“That didn’t matter to Emily — even if it was raining. She’d gone on a beach holiday so she was going to swim in the sea no matter what.
“She was never down and always upbeat about everything — she was an absolute delight.”
In April last year Miss Clements and her colleagues at Albert Fields took part in a 23-mile trek which raised £654 pounds for the charity WaterAid.
Sarah Munnings, director of the salon, said: “She was the one person who turned up for that walk in a fashionable outfit.
“We were all wearing stout walking boots and these horrendous fuddy-duddy clothes but she’d had her hair done and was wearing leggings and a slightly sheer top.
“She’d realised the weather might be wet at the last minute and dug out an old waterproof she’d had since she was a child. It was too small but it looked quite funky.
“We all said, ‘You do realise we’ve got to walk 23 miles, don’t you?’ but she finished it with the rest of us and we all went to the pub afterwards.
“Emily was extremely vivacious, glamourous and exquisitely beautiful. She brightened up the salon and was always professional and friendly.
“It’s ironic that she was always the most beautifully styled even though she was the only one here who wasn’t a hairdresser.
“Our clients will always remember her for her friendliness and her many beautiful shades of lipstick.
“She was the perfect employee - she made everything that much easier and was a real pleasure to have around.
“I only knew her for two years but I feel privileged that she was part of my life. Her death is a hugely tragic loss and all our thoughts are with her family.”
Others left tributes on the salon’s Facebook page.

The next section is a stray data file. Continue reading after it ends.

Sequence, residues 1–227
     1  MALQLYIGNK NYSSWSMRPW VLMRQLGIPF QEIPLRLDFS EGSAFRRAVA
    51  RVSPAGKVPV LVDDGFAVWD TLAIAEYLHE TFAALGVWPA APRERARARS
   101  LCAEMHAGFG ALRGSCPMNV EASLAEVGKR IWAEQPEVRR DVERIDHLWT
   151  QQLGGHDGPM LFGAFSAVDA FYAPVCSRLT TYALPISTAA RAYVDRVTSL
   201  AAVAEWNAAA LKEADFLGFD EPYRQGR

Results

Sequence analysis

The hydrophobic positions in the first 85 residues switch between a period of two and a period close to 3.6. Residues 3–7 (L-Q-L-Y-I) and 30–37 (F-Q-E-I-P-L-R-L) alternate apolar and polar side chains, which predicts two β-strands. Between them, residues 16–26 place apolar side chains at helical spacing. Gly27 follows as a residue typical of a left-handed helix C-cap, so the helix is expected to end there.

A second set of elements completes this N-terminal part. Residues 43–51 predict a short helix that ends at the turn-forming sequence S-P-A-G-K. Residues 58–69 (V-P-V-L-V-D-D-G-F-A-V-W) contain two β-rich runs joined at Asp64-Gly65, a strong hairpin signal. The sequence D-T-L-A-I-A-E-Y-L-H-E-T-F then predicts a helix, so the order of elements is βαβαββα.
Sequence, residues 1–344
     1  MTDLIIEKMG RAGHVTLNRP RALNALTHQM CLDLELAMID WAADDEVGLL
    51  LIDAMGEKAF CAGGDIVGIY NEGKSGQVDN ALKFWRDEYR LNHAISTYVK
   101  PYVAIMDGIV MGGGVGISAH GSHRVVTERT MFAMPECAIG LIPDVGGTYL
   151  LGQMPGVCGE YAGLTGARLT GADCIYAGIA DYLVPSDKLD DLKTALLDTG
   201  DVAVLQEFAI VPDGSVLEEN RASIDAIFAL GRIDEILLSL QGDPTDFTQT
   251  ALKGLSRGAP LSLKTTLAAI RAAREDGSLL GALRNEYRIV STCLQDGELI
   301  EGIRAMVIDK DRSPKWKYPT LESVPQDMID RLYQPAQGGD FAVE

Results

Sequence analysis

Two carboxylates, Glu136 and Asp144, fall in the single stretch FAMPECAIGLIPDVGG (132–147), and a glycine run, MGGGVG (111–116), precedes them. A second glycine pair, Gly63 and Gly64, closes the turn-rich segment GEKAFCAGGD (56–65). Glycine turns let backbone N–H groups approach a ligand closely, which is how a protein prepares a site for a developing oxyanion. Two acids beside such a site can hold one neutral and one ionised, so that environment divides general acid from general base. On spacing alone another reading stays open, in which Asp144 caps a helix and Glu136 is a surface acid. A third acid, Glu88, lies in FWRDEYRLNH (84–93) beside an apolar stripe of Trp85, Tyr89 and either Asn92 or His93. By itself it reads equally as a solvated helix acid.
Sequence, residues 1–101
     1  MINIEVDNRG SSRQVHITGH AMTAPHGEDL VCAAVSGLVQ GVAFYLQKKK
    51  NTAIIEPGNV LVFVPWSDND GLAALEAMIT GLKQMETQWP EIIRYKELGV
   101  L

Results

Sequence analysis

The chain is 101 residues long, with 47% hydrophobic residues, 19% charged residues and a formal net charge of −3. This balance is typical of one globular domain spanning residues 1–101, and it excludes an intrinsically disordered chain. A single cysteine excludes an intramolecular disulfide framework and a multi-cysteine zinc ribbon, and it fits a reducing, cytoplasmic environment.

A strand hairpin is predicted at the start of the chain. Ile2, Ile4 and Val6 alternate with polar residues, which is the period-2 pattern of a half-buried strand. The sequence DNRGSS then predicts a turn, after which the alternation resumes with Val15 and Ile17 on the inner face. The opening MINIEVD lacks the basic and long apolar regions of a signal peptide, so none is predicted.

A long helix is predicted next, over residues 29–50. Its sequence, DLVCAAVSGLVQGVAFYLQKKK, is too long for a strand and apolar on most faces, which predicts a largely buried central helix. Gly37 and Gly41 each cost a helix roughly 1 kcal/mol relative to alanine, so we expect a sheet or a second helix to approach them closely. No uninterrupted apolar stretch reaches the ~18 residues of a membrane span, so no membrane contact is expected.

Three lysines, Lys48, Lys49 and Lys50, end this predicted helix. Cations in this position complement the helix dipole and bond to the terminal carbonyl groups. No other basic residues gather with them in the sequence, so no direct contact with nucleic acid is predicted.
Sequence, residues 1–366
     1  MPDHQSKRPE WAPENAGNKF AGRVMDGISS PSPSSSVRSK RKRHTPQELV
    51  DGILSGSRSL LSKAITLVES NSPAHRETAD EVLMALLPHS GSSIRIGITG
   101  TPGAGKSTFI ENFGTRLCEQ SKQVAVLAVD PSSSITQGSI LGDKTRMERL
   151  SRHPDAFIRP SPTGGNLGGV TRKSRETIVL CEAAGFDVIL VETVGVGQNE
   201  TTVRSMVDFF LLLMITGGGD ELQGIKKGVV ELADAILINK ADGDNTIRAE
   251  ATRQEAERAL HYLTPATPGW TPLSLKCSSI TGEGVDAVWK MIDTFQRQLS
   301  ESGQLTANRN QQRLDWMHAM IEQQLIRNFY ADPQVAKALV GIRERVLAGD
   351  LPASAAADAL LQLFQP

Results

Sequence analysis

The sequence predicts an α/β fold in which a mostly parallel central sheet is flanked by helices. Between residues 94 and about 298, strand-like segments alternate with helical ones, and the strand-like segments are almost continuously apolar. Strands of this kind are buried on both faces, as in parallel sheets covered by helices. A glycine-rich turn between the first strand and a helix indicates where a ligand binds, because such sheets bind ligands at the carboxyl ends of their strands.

Hilary Henry-Lyons, from Streatley, said: “So many hearts are breaking on hearing this tragic news. You were truly a shining light in this grey old world.
“I’ll never forget your wonderful voice and your lovely way with people. You’ll forever be a beautiful angel wearing fabulous lipstick.”
Gillian Murray said: “Dearest Emily, you were such a joy. Your love of pugs and the shoe chat I will remember always.”
Jayne Davis, principal of The Henley College, said: “The college staff, in particular those who knew Emily well, were deeply saddened to hear about her tragic death. Our thoughts are with her family at this time.”
An SSE spokesman said: “Emily joined our team in Reading at the turn of the year and became an extremely popular member of the SSE family in a very short time.
“Our thoughts and condolences are with Emily’s family, friends and anyone who knew her at this extremely sad and difficult time.”
An inquest into Miss Clements’ death has been opened and adjourned.
Her funeral will take place at St Thomas’ Church in Goring on a date to be confirmed.
Police, ambulance and fire crews attended the scene of the crash, which led to the road being closed for five hours.
The two occupants of the Land Rover, a mother and her teenage son, were taken to the Royal Berkshire Hospital in Reading, where they were treated for minor injuries.
Thames Valley Police are appealing for witnesses. Anyone with information should contact PC Sarah Davies on 101.